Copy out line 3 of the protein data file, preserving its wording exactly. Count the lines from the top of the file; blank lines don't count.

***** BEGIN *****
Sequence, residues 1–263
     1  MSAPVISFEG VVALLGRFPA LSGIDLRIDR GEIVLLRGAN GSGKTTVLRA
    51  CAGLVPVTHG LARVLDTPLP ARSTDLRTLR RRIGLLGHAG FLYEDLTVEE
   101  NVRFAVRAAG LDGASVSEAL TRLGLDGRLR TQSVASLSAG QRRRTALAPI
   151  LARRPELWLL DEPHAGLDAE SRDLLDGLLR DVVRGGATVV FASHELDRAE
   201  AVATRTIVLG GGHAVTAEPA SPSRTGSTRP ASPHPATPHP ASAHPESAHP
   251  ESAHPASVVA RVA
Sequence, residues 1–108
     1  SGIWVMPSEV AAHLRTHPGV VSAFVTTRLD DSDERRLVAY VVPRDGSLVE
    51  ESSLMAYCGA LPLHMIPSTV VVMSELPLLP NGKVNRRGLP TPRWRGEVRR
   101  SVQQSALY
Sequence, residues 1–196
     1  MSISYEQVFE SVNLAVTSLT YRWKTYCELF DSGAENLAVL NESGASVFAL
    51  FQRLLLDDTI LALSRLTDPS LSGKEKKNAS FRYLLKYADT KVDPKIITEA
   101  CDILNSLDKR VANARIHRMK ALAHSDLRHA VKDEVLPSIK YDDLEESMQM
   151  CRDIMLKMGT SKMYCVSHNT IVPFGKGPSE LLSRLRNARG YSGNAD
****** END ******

    51  CAGLVPVTHG LARVLDTPLP ARSTDLRTLR RRIGLLGHAG FLYEDLTVEE